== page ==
More than two million Australian small businesses will also benefit from a tax cut as the company tax rate for SMEs with an annual turnover less than $50m drops to 27.5%. It will be lowered by a further 2.5% by 2021 – 22.
“People running a small business put their livelihoods on the line…. They pay their workers first and take their own wages last…. We want small business to prosper,” Frydenberg said.
Further, the instant asset write off will be further extended following a $5,000 increase of the threshold in January. Following the budget, businesses with a turnover of up to $50m – up from $10m currently – will be able to write off up to $30,000 of equipment per tax year.
Not only will this cover an additional 22,000 businesses, but the facility can now be used every time an eligible asset is purchased. Already more than 350,000 businesses have access to the write off facility, according to government figures.
The support offered through the budget comes only months after the government announced its $2bn SME securitisation fund, which is expected to increase the availability of credit and lower borrowing costs for business owners.
Plans to extend “record” funding to both ASIC and APRA were announced prior to Tuesday’s budget, with ASIC receiving 25% more funds than the previous year and APRA receiving 30% more.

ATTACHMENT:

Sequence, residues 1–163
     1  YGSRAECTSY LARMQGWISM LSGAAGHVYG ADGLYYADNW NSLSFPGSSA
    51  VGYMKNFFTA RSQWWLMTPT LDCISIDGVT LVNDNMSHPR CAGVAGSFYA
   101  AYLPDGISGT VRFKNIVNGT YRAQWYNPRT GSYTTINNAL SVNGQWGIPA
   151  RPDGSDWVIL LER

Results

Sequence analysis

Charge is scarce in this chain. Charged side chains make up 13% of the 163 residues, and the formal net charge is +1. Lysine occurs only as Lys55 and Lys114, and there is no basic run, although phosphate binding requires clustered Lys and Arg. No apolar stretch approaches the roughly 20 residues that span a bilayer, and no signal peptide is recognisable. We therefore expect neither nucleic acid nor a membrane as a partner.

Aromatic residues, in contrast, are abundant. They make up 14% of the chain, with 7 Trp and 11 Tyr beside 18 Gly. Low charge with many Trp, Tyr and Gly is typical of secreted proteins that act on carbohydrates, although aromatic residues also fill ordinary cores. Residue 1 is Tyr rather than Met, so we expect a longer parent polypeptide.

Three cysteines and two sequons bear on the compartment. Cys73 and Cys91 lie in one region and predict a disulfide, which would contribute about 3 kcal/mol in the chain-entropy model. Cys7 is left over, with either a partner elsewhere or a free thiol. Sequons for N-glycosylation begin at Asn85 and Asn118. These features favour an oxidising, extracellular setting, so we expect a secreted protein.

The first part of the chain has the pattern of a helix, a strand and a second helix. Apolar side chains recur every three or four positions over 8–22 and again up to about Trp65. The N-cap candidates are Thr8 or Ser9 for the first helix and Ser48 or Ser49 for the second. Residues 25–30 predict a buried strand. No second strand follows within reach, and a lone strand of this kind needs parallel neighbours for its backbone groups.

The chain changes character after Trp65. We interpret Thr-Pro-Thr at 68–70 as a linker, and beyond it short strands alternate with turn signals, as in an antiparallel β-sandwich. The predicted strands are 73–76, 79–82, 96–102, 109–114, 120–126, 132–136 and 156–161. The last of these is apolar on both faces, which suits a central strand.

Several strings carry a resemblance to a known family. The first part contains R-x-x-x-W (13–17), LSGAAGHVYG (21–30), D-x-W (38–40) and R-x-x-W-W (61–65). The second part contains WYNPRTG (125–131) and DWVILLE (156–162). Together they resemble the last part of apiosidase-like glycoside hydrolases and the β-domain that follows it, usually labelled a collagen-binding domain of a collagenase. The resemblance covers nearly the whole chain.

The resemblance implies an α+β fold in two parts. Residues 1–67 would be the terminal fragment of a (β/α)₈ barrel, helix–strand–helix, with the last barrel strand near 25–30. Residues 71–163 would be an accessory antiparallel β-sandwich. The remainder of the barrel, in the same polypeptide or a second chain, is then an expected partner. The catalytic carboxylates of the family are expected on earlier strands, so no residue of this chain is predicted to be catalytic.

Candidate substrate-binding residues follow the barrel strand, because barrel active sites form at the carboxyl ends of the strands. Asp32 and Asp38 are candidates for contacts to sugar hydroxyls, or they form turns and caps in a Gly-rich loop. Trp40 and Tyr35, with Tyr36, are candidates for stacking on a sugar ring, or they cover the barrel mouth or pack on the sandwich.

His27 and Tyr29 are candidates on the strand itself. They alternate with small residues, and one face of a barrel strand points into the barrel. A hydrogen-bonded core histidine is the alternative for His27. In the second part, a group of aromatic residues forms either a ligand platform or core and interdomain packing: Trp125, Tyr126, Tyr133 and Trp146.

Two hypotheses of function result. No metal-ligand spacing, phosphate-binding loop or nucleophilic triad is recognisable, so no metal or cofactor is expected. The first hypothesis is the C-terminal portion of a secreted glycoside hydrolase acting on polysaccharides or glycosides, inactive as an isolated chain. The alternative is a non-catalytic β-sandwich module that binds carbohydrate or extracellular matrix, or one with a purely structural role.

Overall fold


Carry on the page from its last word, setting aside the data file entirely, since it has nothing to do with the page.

Most of the additional funds are expected to be used to meet the recommendations made by the royal commission, despite ASIC and APRA receiving $4.7m and $2.7m respectively in the 2018 budget for the same purpose.
No further funds were announced for them last night however, the government did say it is “taking action on all 76 royal commission recommendations,” despite only weeks ago promising not to enforce a trail commission ban.
Housing and society
Last year, Scott Morrison announced that anybody drawing a pension would be able to take out a reverse mortgage and SMSF lending also came into the cross hairs. This year, retiree finance concentrated on aged care with the government pledging an additional 13,500 residential care places from 2019 – the largest number ever in a single funding round.
Incidentally, opposition continues to build for Labor’s negative gearing policy, which is expected to swing votes next month.
Across social media, Australia made its thoughts known.
Taking to social media, shadow treasurer Chris Bowen posted a series of tweets saying the budget is confirmation that the economy “is not working for everyday Australians”.
In one tweet he said, “There is no plan for wages, no plan to tackle power prices, no plan to address climate change, and no plan for the future.”
In another he continued, “The budget confirms net debt has more than doubled on the Liberals’ watch (up from $175 billion in 2013 to $373.5 billion this year). Net debt under the Liberals amounts to nearly $15,000 for every person in Australia.”
Meanwhile Scott Morrison highlighted that the budget surplus means that funding for essential services will be protected. He tweeted, “Under our economic plan, unemployment has fallen, over 1.2 million jobs have been created, & welfare dependency is at its lowest level in 30 years.”